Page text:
Last week my boss sent out the email letting everyone know that after 8 long years I had finally decided to hang up my suit and start my big adventure. This sparked a barrage of congrats and questions, the 2 most common of them being “Where are you going?” and “What made you decide to take the leap?”
The where is easy, Playa Del Carmen in Mexico but I digress… The how or why I made the decision is a tad harder. Everything I’ve read on taking a sabbatical has shown me that everyone has their own reasons. My original life plan was to save for a deposit on an investment property while working my way up the old corporate ladder until two things happened to make me question that plan:
- London property prices rose quicker than I could save
- My boss resigned and a colleague asked me if I was going to apply for his job
On one hand the idea of bigger challenges was appealing yet the concept of walking the tightrope of office politics associated with that level was anything but. The realisation that I was unlikely to ever be happy in the direction I was heading was both terrible and wonderful at the same time. Several months later and it’s only wonderful.
Around the same time all this was going on, a good buddy of mine that I’ve spent many years travelling with decided he’d had enough of London and was going to Playa Del Carmen in Mexico to get his SCUBA Diving Instructor qualification.
Over several pints we discussed what this decision might mean for him and what life might be like during and after the trip… Goddamn it sounded good! Just as I was contemplating just how good it sounded he, casual as you like, suggested that there was no reason why I couldn’t go with him…
I scoffed, laughed and moved the conversation along but the seed was sown.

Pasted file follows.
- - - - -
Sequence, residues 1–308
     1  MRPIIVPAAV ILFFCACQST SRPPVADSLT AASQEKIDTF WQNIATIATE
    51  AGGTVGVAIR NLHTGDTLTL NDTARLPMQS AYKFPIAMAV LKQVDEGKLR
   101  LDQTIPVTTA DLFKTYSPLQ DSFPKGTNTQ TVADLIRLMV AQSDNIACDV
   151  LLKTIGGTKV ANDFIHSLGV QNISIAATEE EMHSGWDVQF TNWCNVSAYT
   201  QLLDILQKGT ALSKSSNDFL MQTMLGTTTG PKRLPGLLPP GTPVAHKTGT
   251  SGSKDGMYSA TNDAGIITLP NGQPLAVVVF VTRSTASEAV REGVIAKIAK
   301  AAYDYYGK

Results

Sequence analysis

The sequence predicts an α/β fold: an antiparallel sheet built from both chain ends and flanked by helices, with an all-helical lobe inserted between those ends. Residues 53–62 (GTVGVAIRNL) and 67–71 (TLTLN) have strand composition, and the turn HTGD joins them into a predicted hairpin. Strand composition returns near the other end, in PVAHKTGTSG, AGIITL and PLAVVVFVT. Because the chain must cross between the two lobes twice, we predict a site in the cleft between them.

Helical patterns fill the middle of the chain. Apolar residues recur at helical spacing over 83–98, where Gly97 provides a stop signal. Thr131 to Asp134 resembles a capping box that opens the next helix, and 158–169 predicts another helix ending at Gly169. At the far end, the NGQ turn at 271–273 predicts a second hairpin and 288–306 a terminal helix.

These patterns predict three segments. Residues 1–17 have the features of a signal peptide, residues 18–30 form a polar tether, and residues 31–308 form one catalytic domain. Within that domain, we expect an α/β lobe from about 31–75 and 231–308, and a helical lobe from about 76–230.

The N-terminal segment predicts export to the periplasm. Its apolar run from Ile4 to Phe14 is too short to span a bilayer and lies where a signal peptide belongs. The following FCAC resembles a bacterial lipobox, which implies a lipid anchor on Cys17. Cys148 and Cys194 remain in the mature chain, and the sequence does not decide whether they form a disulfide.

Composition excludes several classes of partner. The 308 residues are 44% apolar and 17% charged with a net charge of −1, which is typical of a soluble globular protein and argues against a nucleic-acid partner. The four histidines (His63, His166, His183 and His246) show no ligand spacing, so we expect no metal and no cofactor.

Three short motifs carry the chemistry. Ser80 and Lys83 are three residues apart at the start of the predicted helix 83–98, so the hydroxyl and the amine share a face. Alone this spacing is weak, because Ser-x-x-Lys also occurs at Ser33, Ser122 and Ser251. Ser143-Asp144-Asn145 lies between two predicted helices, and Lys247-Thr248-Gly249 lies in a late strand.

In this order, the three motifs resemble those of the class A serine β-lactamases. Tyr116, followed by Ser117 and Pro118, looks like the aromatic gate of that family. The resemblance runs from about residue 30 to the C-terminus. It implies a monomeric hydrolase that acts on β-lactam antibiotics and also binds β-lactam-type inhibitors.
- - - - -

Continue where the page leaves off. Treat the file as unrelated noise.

Having grown up in Oz I’ve spent a lot of time living close to the beach and miss it hugely. Oz is where my love of diving grew from and my fascination with marine life. I’ve also long had a passion for photography so an opportunity to be exposed to all of these things on a daily basis was simply too compelling to ignore, almost…
Excuses Are Not Reasons
I spent months finding reasons why I had to stay. At the time, in my head, they seemed so important however in hindsight they were simply excuses. Luckily I have some fantastic people in my life, not least of which is my girlfriend, who helped me talk through them all.
- I can’t go, I have a mortgage – rent the apartment out if necessary
- I’ve spent over 10 years building a career – you’re not happy, it’ll be here when you’re back
- My girlfriend can’t leave – she’d hate it if I didn’t go because of her
- and so on
The core difference between a reason and an excuse comes down to priorities and sometimes we prioritise things to the point where there no longer appears to be a choice. Children, for example, rightly become your priority over hobbies and other passions. Fortunately I have no such responsibilities and thanks to several people and an open mind to get through the fear of drastic change, I was finally relieved of my excuses.
Several people have spoken to me about wanting to take a sabbatical. They worry about asking for time away from the office. I tell them, “What’s the worst that can happen? They say no!” That’s the answer I received. I’ll do a later post on how you can increase your chances of approval but think hard about what you will do and how you will feel if your request is refused.
Being without a proper income is a scary thought! Figure out how long you can afford little or no income. Keep in mind it’s possible to travel for less than your current living expenses.
Losing the job security I had been building for years felt like such a big risk until I took a step back, looked at the market and realised that job security is a complete illusion!
Having a mortgage to pay off without regular income. This one’s a tough one! Each person’s position here is different so my advice to you is get professional advice. I spoke to a Real Estate Agent, checked my Ts & Cs of my mortgage and spoke to my mortgage advisor, several times, before I got comfortable with the plan.
Taking The Leap
To those of you thinking about a sabbatical, be brave! Are your reasons really just excuses? Planning a sabbatical is much easier once excuses are eliminated so find someone you trust that will help you look at why you should rather than why you shouldn’t. As cliché as it sounds, a pros and cons list can also be really useful here.
When I can I’ll share the plans I have made, the tools that helped me prepare and the articles that I read along the way but until then…
Ciao for now!
p.s. A big thanks to Steffi and Phil for your support! 🙂